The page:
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Stucco Repairs, the Good, the Bad and the Ugly… – Advanced Mold Diagnostics

As I’ve stated in previous posts, faulty stucco installation is a very common problem, especially in this part of the country. According to Dr. Joseph Lstiburek of buildingscience.com, Canada is the stucco failure country of the world and our area (the Northeast) is the leading stucco failure area of the United States.

We do a lot of stucco investigations/assessments and in the course of doing so we find a common theme – they are mostly installed without an understanding of what a stucco cladding needs in order to perform as it should.

Stucco is a good exterior cladding system if installed properly. It is a big step up from vinyl siding and less costly than brick or stone. Many of our clients get a bad taste in their mouth for stucco once we educate them to the particular deficiencies and damage to their stucco homes. When it comes to recommendations for repair, I’m often asked if they should consider not using stucco for the exterior cladding, as it seems so problematic. My response is, you do have options, but properly installed, stucco cladding is a good option.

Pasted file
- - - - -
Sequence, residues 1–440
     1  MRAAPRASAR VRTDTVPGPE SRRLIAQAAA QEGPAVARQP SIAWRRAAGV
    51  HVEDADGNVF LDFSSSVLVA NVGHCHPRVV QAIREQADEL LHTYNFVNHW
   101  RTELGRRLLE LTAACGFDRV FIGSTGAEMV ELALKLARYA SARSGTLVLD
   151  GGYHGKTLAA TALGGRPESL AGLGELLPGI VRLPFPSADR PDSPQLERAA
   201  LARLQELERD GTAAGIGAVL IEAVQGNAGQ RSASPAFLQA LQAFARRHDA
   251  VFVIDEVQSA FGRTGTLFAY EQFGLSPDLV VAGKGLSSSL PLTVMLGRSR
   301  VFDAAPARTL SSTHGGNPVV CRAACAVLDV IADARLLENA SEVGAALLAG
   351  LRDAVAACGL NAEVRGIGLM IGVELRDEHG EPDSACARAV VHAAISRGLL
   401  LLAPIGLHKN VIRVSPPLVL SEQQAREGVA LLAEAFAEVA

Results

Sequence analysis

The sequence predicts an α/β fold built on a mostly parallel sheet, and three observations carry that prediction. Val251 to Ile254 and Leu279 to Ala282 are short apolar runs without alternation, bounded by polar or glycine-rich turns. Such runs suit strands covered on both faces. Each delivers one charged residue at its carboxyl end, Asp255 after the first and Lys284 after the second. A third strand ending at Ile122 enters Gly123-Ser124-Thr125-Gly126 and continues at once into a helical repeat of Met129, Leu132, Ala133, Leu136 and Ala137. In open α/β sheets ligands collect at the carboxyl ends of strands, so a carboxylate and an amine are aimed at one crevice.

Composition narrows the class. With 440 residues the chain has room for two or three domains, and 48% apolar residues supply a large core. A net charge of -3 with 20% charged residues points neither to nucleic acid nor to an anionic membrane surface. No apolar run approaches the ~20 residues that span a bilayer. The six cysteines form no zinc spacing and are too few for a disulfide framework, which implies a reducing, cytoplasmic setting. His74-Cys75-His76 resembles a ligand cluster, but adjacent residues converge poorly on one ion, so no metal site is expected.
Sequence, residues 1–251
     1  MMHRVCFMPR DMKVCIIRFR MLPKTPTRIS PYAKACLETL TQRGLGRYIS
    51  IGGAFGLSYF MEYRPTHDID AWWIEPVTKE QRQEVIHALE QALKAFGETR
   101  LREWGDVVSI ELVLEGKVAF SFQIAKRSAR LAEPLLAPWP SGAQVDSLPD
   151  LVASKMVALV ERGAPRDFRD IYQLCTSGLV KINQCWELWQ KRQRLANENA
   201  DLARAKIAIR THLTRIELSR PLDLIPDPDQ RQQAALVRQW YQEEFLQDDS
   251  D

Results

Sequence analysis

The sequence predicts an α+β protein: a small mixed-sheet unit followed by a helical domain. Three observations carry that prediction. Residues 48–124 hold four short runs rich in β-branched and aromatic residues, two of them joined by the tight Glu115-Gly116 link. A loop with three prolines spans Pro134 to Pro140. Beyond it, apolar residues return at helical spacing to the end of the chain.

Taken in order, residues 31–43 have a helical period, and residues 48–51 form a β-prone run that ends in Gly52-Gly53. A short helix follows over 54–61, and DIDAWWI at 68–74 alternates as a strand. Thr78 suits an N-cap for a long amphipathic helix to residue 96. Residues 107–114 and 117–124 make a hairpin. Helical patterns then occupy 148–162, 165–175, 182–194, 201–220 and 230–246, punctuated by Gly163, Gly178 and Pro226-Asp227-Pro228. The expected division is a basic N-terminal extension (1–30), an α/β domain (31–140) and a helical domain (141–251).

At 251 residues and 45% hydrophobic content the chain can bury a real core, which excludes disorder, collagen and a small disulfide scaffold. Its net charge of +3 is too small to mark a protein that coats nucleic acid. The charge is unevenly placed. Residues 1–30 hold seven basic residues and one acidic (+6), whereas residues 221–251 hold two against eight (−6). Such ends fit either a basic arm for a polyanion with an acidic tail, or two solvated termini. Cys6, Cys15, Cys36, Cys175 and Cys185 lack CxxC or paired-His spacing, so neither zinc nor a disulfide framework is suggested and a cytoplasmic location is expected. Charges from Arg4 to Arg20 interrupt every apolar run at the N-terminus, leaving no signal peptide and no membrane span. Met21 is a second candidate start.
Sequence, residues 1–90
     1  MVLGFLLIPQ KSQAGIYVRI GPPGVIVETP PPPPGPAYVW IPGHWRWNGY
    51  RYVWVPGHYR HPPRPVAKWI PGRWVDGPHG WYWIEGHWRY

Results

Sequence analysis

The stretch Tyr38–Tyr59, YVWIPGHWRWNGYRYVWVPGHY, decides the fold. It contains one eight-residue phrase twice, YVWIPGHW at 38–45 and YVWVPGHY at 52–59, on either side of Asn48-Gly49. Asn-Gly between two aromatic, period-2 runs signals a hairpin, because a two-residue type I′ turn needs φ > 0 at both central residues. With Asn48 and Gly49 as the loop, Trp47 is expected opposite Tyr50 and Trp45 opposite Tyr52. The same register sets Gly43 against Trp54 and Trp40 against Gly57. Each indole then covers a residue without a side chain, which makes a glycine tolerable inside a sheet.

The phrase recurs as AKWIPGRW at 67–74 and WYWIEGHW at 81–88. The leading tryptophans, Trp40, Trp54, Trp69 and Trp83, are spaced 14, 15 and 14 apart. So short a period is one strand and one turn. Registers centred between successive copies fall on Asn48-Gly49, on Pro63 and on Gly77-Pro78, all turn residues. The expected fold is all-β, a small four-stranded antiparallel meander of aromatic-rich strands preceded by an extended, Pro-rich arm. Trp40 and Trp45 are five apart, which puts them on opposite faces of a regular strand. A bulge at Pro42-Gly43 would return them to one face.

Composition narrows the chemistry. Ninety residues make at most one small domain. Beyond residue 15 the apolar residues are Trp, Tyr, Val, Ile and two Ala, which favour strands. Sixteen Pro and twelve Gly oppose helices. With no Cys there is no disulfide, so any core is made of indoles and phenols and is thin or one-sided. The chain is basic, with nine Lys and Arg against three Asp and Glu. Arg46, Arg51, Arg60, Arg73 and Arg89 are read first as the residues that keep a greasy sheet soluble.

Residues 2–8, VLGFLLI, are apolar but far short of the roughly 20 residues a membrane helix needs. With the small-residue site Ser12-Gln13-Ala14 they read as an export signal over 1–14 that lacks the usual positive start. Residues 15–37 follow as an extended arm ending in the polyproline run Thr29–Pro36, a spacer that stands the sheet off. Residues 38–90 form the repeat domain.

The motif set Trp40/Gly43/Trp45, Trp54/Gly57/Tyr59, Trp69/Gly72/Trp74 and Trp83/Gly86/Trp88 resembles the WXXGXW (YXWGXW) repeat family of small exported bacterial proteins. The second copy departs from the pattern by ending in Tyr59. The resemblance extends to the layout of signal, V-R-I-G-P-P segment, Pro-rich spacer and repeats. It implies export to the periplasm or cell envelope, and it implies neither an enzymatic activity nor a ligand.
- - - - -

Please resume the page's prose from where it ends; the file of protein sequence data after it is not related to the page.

This week alone I’ve received three calls from stucco homeowners where the builder acknowledged it was their fault and consequently they would fix it. The solution in all three cases was: remove the stucco just around the windows, pull the windows and flash the openings. In addition, they would address the lack of kick-out flashings. Although you could say it is commendable that they are taking responsibility, aren’t they the same ones who installed it incorrectly in the first place. This approach is a waste of time and money. If there is no proper drainage plane in place, they cannot incorporate this patch job into a properly functioning system. For one of these homeowners, it was the second time the builder had tried this approach and water was still coming in through windows and musty odors in the home revealed water was still getting into the wall cavities and mold was growing in behind the gypsum wall board.

If you have a stucco home and you suspect you might have a problem or if the builder wants to fix it, have a stucco inspection performed first so that you might be able to present the builder with a report that details how to fix it properly.

Contact us at www.advancedmolddiagnostics.com for a free telephone consultation.

Craig Camel

Advanced Mold Diagnostics

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